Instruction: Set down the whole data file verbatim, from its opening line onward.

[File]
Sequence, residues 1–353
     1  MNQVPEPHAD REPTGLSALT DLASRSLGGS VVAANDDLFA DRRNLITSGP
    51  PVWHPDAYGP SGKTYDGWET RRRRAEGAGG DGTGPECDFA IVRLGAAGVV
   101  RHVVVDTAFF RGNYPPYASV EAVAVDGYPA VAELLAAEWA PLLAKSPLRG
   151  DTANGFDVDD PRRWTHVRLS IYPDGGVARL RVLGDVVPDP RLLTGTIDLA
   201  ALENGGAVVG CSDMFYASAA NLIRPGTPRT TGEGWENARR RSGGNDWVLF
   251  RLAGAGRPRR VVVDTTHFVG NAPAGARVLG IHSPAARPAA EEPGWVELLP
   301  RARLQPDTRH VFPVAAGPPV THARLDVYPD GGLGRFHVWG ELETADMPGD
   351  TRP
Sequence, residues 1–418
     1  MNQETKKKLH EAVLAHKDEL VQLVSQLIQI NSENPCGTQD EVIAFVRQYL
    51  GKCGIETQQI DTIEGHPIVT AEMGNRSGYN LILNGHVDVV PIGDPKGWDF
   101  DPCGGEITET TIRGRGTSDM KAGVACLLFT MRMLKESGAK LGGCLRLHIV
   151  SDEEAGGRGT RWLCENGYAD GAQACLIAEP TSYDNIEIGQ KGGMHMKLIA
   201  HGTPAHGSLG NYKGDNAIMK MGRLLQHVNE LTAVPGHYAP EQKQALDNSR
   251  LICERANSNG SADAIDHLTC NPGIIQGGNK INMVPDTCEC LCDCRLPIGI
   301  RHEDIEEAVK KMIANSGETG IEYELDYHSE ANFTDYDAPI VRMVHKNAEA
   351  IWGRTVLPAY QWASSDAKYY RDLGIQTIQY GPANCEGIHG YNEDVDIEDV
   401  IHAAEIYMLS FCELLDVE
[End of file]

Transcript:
Sequence, residues 1–353
     1  MNQVPEPHAD REPTGLSALT DLASRSLGGS VVAANDDLFA DRRNLITSGP
    51  PVWHPDAYGP SGKTYDGWET RRRRAEGAGG DGTGPECDFA IVRLGAAGVV
   101  RHVVVDTAFF RGNYPPYASV EAVAVDGYPA VAELLAAEWA PLLAKSPLRG
   151  DTANGFDVDD PRRWTHVRLS IYPDGGVARL RVLGDVVPDP RLLTGTIDLA
   201  ALENGGAVVG CSDMFYASAA NLIRPGTPRT TGEGWENARR RSGGNDWVLF
   251  RLAGAGRPRR VVVDTTHFVG NAPAGARVLG IHSPAARPAA EEPGWVELLP
   301  RARLQPDTRH VFPVAAGPPV THARLDVYPD GGLGRFHVWG ELETADMPGD
   351  TRP
Sequence, residues 1–418
     1  MNQETKKKLH EAVLAHKDEL VQLVSQLIQI NSENPCGTQD EVIAFVRQYL
    51  GKCGIETQQI DTIEGHPIVT AEMGNRSGYN LILNGHVDVV PIGDPKGWDF
   101  DPCGGEITET TIRGRGTSDM KAGVACLLFT MRMLKESGAK LGGCLRLHIV
   151  SDEEAGGRGT RWLCENGYAD GAQACLIAEP TSYDNIEIGQ KGGMHMKLIA
   201  HGTPAHGSLG NYKGDNAIMK MGRLLQHVNE LTAVPGHYAP EQKQALDNSR
   251  LICERANSNG SADAIDHLTC NPGIIQGGNK INMVPDTCEC LCDCRLPIGI
   301  RHEDIEEAVK KMIANSGETG IEYELDYHSE ANFTDYDAPI VRMVHKNAEA
   351  IWGRTVLPAY QWASSDAKYY RDLGIQTIQY GPANCEGIHG YNEDVDIEDV
   401  IHAAEIYMLS FCELLDVE